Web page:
Well, we erred in our 2011 predictions in not repeating a 2010 forecast that Carol Bartz would be ousted as Yahoo CEO -- it was bound to happen, we just called that one too early. Then again, we also predicted last year that Oracle would buy Salesforce.com and have decided not to repeat ourselves this year, so we'll see if we were just ahead on that one, too. Meanwhile, these are our predictions for the next 12 months:
HP gets its groove back
Meg Whitman will be the needed tonic at Hewlett-Packard, which will regain its focus and footing over the course of 2012, showing steady, if slow, improvement. And, contrary to popular sentiment, webOS won't die, but will find support in the open-source community of code writers and tinkerers.
Cyberattacks get scarier
2012 will be the year that a cyberattack really does hit a U.S. public utility hard, taking down an electric grid. Along those same lines, industrial control systems in Iran will be rocked with a sustained cyberattack that will make Stuxnet look like child's play in a year that increasingly will find that cyber-sabotage and cyberwar are realities that must be reckoned with.
Apple takes over
Other research firms will join Canalys in counting tablets in PC shipments, vaulting Apple into the top PC-maker spot globally in the third quarter, overtaking HP. iPad 3 will launch in April and with it will come lower prices on iPad 2 versions, with that inventory flying off of store shelves. After picking up market-share steam through midyear, iPad sales will level out through the second half of 2012, though no other tablet will emerge as a serious competitor to the iPad's lofty status.
Windows 8 won't give Microsoft momentum
Windows 8 will be released and will depend on sales of new PCs loaded with that OS to catch on. Users who don't intend to buy new PCs will still be slowly upgrading to Windows 7 and won't be inclined to jump ahead to 8 (though the trend of jumping to Macs will continue). As for tablets, Microsoft isn't going to catch fire in that market this late in the game because iPad users tend to be crazy in love with their tablets and Android has a robust fan base now, too.
AT&T's failed merger with T-Mobile USA will cost it a fat $4 billion break-up fee, with AT&T getting only a mere roaming agreement out of the proposed deal and no help at all for its spectrum crunch. AT&T CEO Randall Stephenson's miscalculation in thinking he could get the deal past U.S. regulators will cost him his job.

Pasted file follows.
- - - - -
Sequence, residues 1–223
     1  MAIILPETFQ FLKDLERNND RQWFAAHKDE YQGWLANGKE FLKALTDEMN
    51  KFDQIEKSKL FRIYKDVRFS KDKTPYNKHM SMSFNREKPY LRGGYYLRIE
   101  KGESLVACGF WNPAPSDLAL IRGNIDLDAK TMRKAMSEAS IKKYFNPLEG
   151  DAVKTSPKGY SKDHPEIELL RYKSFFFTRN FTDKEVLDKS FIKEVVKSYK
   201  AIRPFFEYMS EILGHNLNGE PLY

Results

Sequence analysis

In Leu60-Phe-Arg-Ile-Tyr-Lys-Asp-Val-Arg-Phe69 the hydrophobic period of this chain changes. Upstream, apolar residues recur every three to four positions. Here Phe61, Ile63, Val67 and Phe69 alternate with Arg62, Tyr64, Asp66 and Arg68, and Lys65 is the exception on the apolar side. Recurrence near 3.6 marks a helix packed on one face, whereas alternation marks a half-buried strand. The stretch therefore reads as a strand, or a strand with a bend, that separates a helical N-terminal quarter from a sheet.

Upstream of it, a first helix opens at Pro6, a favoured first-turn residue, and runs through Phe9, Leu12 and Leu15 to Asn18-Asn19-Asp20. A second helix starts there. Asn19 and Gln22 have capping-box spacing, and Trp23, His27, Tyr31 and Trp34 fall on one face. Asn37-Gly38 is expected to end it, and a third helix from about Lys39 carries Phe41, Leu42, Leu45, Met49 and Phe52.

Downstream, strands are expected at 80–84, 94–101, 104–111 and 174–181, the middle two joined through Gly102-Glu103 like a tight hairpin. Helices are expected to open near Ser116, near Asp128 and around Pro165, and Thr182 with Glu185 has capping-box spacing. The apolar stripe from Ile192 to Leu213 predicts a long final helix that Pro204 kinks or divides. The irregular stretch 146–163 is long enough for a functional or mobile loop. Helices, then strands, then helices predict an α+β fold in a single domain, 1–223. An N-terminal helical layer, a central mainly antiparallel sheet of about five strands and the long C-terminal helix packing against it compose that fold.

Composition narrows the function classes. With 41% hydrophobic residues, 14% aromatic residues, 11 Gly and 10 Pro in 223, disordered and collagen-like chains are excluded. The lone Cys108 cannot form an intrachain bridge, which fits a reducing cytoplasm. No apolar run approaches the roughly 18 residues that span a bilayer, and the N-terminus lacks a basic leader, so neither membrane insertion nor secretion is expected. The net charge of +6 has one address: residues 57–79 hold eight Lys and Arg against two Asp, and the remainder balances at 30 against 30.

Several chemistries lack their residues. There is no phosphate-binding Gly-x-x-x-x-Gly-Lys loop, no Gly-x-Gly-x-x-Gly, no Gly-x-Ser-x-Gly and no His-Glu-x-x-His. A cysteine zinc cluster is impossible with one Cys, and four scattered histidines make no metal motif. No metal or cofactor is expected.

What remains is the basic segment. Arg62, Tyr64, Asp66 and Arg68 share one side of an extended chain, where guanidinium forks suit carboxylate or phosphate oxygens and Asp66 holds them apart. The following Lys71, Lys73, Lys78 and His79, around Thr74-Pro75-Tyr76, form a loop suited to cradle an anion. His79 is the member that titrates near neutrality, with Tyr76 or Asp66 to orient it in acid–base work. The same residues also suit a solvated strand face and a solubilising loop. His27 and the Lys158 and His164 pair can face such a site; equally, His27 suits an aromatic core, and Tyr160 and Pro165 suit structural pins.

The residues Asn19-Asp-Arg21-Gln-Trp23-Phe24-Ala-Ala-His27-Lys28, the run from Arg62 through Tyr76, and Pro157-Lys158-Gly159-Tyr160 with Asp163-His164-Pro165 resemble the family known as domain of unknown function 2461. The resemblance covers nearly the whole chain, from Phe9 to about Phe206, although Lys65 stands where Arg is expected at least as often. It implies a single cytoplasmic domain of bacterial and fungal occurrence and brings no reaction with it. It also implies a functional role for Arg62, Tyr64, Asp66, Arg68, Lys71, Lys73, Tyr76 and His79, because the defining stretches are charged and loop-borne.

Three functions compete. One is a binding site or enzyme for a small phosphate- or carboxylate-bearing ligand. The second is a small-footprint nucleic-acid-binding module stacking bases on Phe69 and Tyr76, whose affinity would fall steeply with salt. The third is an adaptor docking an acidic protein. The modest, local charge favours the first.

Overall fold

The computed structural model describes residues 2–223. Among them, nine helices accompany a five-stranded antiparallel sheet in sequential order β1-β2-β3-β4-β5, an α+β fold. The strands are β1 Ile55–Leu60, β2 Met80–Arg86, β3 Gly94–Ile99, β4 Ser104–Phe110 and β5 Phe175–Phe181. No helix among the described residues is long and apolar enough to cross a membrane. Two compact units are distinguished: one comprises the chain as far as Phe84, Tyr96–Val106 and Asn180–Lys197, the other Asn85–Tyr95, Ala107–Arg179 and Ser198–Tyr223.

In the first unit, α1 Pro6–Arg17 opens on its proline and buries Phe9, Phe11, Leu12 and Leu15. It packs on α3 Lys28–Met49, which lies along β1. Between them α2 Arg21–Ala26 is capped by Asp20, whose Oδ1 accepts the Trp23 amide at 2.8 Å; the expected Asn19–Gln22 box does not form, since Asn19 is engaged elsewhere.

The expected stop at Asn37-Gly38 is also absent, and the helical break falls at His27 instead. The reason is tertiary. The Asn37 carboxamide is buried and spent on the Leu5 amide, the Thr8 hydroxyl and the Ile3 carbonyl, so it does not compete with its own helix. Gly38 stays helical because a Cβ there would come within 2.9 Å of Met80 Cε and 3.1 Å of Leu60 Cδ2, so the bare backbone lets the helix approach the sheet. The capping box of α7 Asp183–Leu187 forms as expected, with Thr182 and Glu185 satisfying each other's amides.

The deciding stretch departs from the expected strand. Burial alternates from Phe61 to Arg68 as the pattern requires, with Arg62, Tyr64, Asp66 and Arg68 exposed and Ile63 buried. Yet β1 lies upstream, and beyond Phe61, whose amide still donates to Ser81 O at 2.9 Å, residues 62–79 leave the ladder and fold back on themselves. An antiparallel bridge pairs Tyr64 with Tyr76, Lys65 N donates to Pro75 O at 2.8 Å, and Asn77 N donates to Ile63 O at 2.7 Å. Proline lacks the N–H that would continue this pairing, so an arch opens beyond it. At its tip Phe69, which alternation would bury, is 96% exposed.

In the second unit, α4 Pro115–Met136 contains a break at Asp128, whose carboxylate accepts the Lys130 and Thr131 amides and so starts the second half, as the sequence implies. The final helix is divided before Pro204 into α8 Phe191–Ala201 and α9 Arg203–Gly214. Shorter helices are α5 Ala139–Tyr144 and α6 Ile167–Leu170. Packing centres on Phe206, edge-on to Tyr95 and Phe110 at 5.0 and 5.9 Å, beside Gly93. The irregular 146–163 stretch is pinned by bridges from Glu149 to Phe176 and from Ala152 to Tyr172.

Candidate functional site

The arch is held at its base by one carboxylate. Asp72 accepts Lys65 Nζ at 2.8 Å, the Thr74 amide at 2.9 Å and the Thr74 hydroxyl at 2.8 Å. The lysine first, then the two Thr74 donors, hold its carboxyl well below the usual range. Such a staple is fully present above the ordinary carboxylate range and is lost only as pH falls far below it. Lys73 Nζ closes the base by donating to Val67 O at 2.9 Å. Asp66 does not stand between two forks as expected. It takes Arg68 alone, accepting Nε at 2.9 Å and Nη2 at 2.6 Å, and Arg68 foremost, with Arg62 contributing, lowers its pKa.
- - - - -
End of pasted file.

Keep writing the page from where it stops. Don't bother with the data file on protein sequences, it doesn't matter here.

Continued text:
Mergers in mobile
Before the Research In Motion co-CEO structure topples under the shakiness of the company, whose market share will continue to erode, RIM will be scooped up -- Dell may be one likely buyer -- and both James Balsillie and Mike Lazaridis will be shown the door. In competitor news, Sprint's recent boost in subscriber numbers won't be sustained because it can't continue to rely on pulling in users via government-subsidized programs for low-income people, and by the end of 2012, the company will also be on the auction block.
Join Larry's network
Although Larry Ellison hasn't made a splashy acquisition in a while and although buying RIM would be a slap at Google, we think that Oracle will buy an enterprise social-networking vendor to bolster the push it has made into that area. (Yammer or Jive, perhaps?)
Oracle and Google settle
Speaking of Oracle and Google, they'll settle their dispute over Java-related patent claims, with Google agreeing to license Java for an undisclosed amount.
Facebook makes a load of money, then faces reality
Once it goes public, and hits its rumored US$1 billion goal, Facebook leadership will increasingly be under pressure from investors and shareholders to keep pulling in big bucks. But its share price will come back down to Earth after briefly soaring. Privacy issues will continue to pester the site, as will the "improvements" that its development team rolls out in a seemingly endless and steady stream. The reality of running a public company will prove burdensome and by year's end there will be a management shakeup at Facebook.
The 2012 election
Barack Obama will win re-election over Republican nominee Mitt Romney, with low voter turnout among Republicans, many of whom never did -- and likely never will -- warm to the businessman and former Massachusetts governor. (Laugh if you will, but we called the 2008 election for Obama in December 2007, despite the ridicule that brought.) The balance of power will also shift in the House of Representatives back to the Democrats. Still, the current tide of legislation aimed at controlling the Internet and its content, as well as the push to require ISPs and others to maintain data, and turn it over to authorities when requested, will continue apace. As such, the U.S. will increasingly find itself at odds with the European Union, though other nations will begin to push back as well, regarding data retention and privacy issues. One side effect will be that U.S. businesses will increasingly find themselves hampered when it comes to winning government contracts in E.U. nations because of such legal concerns and they will take their complaints about that to Congress.